Crack, or crack cocaine, is the free-base form of cocaine and comes in solid blocks or crystals that vary in color from yellow to white. It is typically smoked from a crystal rock that has been heated, which allows the drug to immediately become absorbed into the bloodstream. Users experience a short but intense high that produces feelings of euphoria. However, once the high subsides and dopamine levels drop, users will feel depressed and begin seeking their next high.
Unlike cocaine, which is expensive to purchase, crack cocaine is relatively cheap. As a result, crack cocaine usage amongst young people, particularly teenagers, has increased over the past few years. According to the National Drug Intelligence Center over 6 million people in the U.S. over the age of twelve have tried crack cocaine at least once.
The chemicals found in drugs upset the brain’s entire communication system. These chemicals have the ability to reroute the way your brain sends, receives, and processes information. This can manifest itself in several mental and physical side effects.
Upon ingestion, crack cocaine releases an abnormally high amount of dopamine, a chemical in the brain that induces feelings of euphoria. An abundance of dopamine can over-stimulate the brain’s reward center. Because the high lasts only five to ten minutes, this euphoric feeling is fleeting and causes the user to constantly be seeking their next high.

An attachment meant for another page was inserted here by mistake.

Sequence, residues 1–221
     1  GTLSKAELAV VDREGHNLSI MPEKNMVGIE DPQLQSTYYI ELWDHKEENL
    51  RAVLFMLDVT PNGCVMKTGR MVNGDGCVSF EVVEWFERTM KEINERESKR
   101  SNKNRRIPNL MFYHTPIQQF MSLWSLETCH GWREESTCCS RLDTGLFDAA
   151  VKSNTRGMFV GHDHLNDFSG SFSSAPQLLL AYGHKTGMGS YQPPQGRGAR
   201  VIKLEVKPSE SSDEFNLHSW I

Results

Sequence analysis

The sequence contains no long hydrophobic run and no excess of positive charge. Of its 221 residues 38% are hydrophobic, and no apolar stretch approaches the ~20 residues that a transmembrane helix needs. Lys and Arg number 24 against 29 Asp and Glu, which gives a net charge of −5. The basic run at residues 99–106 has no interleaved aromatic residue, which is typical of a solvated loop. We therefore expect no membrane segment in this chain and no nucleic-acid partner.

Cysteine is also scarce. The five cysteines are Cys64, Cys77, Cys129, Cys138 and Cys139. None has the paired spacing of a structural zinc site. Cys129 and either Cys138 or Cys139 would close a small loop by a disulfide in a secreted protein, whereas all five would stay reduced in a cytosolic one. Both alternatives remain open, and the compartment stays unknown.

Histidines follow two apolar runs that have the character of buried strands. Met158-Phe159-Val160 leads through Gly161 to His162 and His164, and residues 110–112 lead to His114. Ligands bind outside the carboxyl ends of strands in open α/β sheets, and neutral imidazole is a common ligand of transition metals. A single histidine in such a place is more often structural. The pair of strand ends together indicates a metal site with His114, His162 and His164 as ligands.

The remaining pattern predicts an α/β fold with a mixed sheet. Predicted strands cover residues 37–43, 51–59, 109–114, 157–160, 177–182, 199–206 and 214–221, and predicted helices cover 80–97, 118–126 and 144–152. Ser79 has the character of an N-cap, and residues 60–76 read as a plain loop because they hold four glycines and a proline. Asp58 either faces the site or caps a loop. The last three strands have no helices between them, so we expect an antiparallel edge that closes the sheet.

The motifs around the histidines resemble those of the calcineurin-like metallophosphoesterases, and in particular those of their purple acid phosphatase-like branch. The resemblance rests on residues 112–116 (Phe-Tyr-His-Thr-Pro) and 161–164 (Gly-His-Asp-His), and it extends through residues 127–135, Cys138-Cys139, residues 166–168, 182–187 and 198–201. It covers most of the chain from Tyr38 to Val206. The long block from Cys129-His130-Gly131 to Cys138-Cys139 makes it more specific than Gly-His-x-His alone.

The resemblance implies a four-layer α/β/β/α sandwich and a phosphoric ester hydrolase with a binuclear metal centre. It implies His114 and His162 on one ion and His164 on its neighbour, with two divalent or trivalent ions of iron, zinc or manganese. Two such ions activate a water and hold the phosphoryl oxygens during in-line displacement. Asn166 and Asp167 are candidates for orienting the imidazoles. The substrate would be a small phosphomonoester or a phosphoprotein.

Upon ingestion, crack creates a brief high that causes users to feel intense feelings of euphoria. This is immediately followed by feelings of intense depression. When the high subsides, individuals typically feel edgy and fixated on consuming more of the drug. Physiological side effects of crack abuse also include.
Those who use crack are more likely to neglect their responsibilities, including paying their bills, maintaining relationships with friends and family, attending work, and even caring for their kids. In addition, crack users are at risk for legal troubles as they will steal or partake in other illegal activity to support their habit.
Common long-term complications of crack abuse include:
As with many other addictive substances, individuals who are addicted to crack cocaine must receive a combination of detoxification and therapy in order to recover. Crack treatment typically begins with a medically supervised detox. Going to a detox facility is always wise as it provides a controlled withdrawal from the substance in which doctors can monitor patients for severe physical or psychological symptoms that typically occur during crack withdrawal.
After detox, patients are typically transferred to an inpatient rehabilitation center for structured cocaine addiction treatment by licensed professionals. Inpatient rehab centers focus primarily on the psychological effects of addiction. While at an inpatient treatment center, patients will undergo individual and group therapy as well as attend ongoing support groups.
After receiving treatment through detox and inpatient rehabilitation, patients typically receive ongoing aftercare. This involves the patient going back to their normal way of life while continuing to visit the treatment center for therapy and/or other necessary treatments on a regular basis. Some patients may choose to transition back into their normal life in a halfway house or sober living facility. By receiving proper, comprehensive crack addiction treatment, you will begin to see the light at the end of the tunnel.
If you or a loved one are struggling with a crack addiction, have any questions, or are ready to admit yourself to the premier crack rehab center in South Florida, please call HARP now at 561-201-1133 and begin your road to recovery.